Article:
A scientific team led by a San Diego researcher has identified what could be a new species of killer whale in the storm-tossed waters off southern Chile.
Called Type D, the whales were previously known only from a beach stranding more than 60 years ago, fishermen’s stories, and tourist photographs.
The expedition on the 72-foot research vessel Australis in January was organized by Bob Pitman, a researcher from NOAA’s Southwest Fisheries Science Center, and included five other scientists from the U.S., Canada, Australia, and Argentina.
Among the scientists was Lisa Ballance, adjunct professor at Scripps Institution of Oceanography and director of the Marine Mammal & Turtle Research Division at Southwest Fisheries.
Genetic samples the team collected with a crossbow dart will help determine whether this animal, with its distinct color pattern and body shape, is in fact new to science.
“We are very excited about the genetic analyses to come. Type D killer whales could be the largest undescribed animal left on the planet and a clear indication of how little we know about life in our oceans,” said Pitman, who has been searching for the animal for 14 years.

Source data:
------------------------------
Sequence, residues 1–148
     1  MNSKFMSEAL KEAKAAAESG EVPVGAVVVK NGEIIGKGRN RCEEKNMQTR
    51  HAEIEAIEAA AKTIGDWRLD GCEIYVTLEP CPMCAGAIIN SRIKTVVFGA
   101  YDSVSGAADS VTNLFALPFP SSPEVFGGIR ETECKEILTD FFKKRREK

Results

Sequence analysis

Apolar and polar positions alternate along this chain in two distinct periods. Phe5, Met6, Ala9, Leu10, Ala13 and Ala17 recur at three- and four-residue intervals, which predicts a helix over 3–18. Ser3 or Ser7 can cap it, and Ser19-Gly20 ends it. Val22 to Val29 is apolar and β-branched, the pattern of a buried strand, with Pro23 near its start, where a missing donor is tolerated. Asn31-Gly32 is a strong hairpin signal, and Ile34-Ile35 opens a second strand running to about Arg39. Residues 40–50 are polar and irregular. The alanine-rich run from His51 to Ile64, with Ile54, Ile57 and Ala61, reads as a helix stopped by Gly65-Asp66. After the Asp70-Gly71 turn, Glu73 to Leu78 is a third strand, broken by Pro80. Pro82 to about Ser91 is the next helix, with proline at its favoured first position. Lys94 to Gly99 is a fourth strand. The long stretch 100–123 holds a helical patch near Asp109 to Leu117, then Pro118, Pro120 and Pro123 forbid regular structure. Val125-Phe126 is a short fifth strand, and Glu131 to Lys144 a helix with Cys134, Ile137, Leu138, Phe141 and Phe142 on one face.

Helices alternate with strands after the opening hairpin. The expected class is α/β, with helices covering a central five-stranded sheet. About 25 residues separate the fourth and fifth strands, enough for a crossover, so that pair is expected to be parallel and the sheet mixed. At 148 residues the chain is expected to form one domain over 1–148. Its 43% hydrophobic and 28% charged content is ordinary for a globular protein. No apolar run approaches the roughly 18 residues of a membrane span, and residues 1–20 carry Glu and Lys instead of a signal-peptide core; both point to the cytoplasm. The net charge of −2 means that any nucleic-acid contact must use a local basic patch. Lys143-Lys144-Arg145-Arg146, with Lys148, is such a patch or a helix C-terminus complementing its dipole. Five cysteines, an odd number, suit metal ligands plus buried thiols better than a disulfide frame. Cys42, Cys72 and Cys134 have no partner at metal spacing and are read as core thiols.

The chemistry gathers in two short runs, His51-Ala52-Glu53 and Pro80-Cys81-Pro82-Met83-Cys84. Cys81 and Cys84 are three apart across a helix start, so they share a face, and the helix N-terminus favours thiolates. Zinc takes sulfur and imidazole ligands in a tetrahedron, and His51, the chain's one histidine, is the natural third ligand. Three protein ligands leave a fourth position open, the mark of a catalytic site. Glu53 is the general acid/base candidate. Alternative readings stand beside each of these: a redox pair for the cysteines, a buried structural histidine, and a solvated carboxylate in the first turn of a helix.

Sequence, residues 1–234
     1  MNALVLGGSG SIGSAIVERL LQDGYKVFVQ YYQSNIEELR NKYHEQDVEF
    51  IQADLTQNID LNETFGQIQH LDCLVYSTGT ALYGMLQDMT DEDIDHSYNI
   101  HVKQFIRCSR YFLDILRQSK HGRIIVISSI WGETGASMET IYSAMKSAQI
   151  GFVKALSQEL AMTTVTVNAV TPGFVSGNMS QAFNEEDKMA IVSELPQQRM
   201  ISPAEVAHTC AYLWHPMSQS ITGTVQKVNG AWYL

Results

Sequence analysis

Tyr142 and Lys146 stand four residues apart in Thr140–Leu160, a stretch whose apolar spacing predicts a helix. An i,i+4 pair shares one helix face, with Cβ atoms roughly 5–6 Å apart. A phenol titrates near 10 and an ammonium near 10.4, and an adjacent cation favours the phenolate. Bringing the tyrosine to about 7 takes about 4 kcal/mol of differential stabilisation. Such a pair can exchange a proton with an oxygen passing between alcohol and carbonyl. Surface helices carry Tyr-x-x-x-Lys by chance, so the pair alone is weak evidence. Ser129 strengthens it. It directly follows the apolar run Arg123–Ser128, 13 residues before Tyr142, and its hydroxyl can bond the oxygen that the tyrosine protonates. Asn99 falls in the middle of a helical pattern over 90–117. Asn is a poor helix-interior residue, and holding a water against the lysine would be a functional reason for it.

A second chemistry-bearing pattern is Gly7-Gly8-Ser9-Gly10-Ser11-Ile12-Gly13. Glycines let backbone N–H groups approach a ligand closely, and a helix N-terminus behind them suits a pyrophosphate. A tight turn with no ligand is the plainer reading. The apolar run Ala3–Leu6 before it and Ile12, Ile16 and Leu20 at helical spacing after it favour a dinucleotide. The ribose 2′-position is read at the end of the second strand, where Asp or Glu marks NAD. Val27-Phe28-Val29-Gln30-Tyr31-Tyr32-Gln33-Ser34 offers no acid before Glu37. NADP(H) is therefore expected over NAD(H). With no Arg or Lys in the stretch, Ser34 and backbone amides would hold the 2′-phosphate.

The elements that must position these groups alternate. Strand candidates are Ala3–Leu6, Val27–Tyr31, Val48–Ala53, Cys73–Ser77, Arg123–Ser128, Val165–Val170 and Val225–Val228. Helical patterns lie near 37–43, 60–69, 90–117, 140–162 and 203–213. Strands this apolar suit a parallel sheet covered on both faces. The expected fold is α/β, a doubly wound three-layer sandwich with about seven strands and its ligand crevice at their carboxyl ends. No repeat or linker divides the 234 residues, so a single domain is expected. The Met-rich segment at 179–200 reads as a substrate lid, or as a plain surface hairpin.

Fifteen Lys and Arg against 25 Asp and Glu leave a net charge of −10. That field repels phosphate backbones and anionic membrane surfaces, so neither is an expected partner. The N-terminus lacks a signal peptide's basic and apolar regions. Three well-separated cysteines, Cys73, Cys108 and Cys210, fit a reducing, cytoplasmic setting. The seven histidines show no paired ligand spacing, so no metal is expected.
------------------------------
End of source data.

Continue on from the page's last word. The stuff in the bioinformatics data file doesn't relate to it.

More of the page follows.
The team’s encounter with the distinctive whales came after it spent more than a week at anchor, waiting out the perpetual storms of Cape Horn off southern Chile.
“In a word, the experience was intense,” said Ballance, who teaches undergraduate and graduate classes in marine biology. “It was absolutely awesome, to be in such a remote and challenging environment in the company of a group of killer whales that look strikingly different from any others on the planet, and could be a different species. Truly a biologist’s dream come true.”
Compared to other killer whales, the Type D have more rounded heads, a narrower and more pointed dorsal fin, and a tiny white eye patch.
In the next few months, the DNA samples should finally reveal just how different the Type D is from other killer whales.
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